I loved teaching in Korea because my students were so bright and loving and the experiences with them helped me to really cultivate a teaching persona that I’m proud of. Also, I was able to save a ton of money in one year, which is a near impossibility nowadays in America.  I also fell in love with Korean barbeque, makeup, and their stationery stores! The worst thing about living in South Korea was being in a culture obsessed with appearances. Sometimes, the superficiality of life around me would really bring me down. Also, I hated being tired all the time. I got sick a lot as a result of the stress and not having any free time, both physically and mentally. It was way too exhausting of a work atmosphere.

What advice would you give people who are thinking about moving to Korea to teach?

My advice is to not get stuck in the negativity. I noticed that a lot of people who teach English in South Korea end up becoming highly cynical, very critical, and sometimes even resentful of the culture. I’ll admit, I was one of those people. The best ways to ward off the negativity is to explore Korea in its entirety, find genuine people and build a support system with one another, and don’t nitpick at what’s wrong with the culture. It’s so hard to not want to compare and contrast but I think comparisons really feed into the negativity. In Korea, there’s so much to do and see! I barely saw anything in a year’s time and I really regret that. Just do everything and you’ll be happy!

What’s next for you?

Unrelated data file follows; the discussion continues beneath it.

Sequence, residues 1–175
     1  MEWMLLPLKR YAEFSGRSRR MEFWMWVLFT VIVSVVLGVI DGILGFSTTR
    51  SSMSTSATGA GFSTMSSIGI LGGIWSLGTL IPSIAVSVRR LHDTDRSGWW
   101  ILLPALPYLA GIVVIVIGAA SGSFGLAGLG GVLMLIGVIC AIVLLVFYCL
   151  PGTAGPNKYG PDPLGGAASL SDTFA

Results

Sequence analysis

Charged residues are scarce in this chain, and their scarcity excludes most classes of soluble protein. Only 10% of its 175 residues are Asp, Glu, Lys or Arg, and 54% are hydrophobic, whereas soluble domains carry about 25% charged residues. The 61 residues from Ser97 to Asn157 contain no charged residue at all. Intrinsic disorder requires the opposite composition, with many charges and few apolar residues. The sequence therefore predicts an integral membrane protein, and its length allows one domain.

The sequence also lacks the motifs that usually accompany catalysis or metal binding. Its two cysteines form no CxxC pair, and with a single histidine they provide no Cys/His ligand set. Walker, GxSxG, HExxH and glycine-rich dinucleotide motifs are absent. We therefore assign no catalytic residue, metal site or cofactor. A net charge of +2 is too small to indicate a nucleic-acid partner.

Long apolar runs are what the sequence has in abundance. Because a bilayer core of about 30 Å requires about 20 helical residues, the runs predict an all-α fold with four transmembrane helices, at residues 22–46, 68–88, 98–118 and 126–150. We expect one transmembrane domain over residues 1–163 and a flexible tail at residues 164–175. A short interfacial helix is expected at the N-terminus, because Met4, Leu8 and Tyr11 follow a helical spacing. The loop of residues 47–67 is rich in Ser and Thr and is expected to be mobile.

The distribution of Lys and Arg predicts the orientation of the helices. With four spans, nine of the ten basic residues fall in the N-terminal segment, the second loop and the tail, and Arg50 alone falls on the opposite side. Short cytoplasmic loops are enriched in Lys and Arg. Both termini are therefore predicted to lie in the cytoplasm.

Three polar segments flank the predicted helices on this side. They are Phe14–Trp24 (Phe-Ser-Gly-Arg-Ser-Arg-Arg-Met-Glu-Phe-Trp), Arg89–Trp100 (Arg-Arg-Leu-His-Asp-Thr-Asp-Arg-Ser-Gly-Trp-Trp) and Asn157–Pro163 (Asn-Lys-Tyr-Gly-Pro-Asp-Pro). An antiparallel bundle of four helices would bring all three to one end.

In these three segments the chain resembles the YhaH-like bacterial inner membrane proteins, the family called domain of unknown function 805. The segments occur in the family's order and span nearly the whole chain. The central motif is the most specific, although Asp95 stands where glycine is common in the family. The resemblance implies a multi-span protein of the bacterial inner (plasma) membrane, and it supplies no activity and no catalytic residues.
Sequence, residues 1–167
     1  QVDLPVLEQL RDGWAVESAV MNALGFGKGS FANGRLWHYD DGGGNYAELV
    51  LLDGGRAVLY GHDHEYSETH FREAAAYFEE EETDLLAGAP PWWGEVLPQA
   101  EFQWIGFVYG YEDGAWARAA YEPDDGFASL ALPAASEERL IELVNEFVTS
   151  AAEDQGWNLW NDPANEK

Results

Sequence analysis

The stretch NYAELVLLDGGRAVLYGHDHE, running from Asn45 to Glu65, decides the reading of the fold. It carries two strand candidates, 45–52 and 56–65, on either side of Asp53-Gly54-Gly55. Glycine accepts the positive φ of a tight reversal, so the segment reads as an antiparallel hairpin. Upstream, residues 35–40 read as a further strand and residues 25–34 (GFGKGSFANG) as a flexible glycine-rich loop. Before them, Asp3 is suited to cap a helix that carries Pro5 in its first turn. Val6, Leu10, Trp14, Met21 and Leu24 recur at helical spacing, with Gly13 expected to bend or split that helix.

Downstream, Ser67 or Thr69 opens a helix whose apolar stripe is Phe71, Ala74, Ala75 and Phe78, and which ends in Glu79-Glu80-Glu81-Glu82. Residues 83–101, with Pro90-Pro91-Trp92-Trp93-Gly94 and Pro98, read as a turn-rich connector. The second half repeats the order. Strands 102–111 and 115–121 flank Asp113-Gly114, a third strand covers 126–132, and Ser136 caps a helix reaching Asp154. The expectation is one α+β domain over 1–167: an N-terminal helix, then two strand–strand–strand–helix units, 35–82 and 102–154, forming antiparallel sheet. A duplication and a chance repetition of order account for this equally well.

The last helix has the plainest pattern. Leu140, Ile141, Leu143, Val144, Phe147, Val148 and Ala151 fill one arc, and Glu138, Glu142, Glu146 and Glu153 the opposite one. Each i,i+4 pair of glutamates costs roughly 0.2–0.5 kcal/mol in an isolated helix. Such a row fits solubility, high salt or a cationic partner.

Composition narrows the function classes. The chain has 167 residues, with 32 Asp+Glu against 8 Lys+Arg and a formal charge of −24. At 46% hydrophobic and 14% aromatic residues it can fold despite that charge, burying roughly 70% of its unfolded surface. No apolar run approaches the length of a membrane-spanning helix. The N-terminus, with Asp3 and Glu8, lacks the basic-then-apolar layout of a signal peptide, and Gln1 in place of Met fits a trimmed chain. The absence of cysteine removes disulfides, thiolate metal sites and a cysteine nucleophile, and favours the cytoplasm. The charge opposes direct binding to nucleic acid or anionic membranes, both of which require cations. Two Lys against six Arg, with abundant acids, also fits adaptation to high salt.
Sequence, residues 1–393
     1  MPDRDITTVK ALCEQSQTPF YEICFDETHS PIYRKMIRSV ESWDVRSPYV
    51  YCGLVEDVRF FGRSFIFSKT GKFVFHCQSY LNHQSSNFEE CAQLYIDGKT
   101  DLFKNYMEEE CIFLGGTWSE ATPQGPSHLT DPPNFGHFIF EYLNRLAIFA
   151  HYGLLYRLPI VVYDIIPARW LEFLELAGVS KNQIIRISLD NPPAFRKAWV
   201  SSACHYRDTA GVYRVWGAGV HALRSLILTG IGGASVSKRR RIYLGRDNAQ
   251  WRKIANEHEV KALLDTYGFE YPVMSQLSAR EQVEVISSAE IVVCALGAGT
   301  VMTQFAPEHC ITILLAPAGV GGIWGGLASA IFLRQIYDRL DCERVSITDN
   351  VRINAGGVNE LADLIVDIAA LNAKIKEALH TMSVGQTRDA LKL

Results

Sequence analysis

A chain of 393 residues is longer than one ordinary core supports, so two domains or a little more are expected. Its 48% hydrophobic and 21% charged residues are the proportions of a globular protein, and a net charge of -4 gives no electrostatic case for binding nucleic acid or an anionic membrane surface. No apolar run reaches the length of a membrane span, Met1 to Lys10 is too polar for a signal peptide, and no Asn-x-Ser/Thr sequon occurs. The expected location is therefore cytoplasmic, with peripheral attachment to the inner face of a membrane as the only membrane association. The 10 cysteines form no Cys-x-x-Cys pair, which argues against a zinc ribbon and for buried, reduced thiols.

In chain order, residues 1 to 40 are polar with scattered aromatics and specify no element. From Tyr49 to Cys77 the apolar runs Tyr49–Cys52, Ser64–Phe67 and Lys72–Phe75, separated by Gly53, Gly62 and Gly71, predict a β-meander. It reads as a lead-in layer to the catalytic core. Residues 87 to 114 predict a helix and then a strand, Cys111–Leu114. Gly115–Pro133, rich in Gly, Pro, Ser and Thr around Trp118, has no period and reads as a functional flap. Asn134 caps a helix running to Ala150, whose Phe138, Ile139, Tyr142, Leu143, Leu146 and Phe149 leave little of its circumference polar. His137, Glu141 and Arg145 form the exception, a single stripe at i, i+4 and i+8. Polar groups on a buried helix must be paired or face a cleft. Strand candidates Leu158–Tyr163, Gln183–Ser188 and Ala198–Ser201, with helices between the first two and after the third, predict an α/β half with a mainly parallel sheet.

I’ve just relocated to Vietnam so hopefully I get a teaching gig in Ho Chi Minh City soon! I’m so excited to try out this new teaching destination with experience behind me, fingers crossed!What's Teaching English in South Korea like?

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If you have anymore questions about teaching in Vietnam, feel free to ask in the comments below.  You can also check out more of my posts about teaching English in Vietnam here:

You can follow Izzy’s adventures over on her awesome blog The Next Somewhere. To find out more about teaching English around the world,  including our experiences of teaching in Vietnam and Spain, check out our teaching abroad page.

  • Louisa Klimentos
    Posted at 06:44h, 25 March Reply

    Great infrmation,Well done

    • Andrew
      Posted at 12:29h, 25 March Reply

      Thanks Louisa. 🙂

  • Izzy
    Posted at 03:15h, 27 March Reply

    It feels like ages ago that I wrote this piece. I feel like a completely different person (as a teacher) here in Vietnam. I rewatched the videos I sent you and it made me tear up a bit… missing my Korean kids more than words could say. If anyone has questions, feel free to redirect them to me. I’d be happy to help out in anyway that I can 🙂

    • Amy
      Posted at 10:03h, 28 March Reply

      We know the feeling Izzy; we often think back at the kids we taught in Vietnam and it’s great to have those memories. Thanks again for taking part! 🙂

  • Dennis
    Posted at 09:39h, 06 October Reply

    Hi Izzy,

    May I ask you more about your experience at your school in Daejeon?

    Kind regards,

    • Amy
      Posted at 10:09h, 06 October Reply

      Hi Dennis, to get in touch with Izzy check out her blog thenextsomewhere.com. This post is just an interview with her about teaching in South Korea, she has much more info over at her site. Thanks for reading and commenting.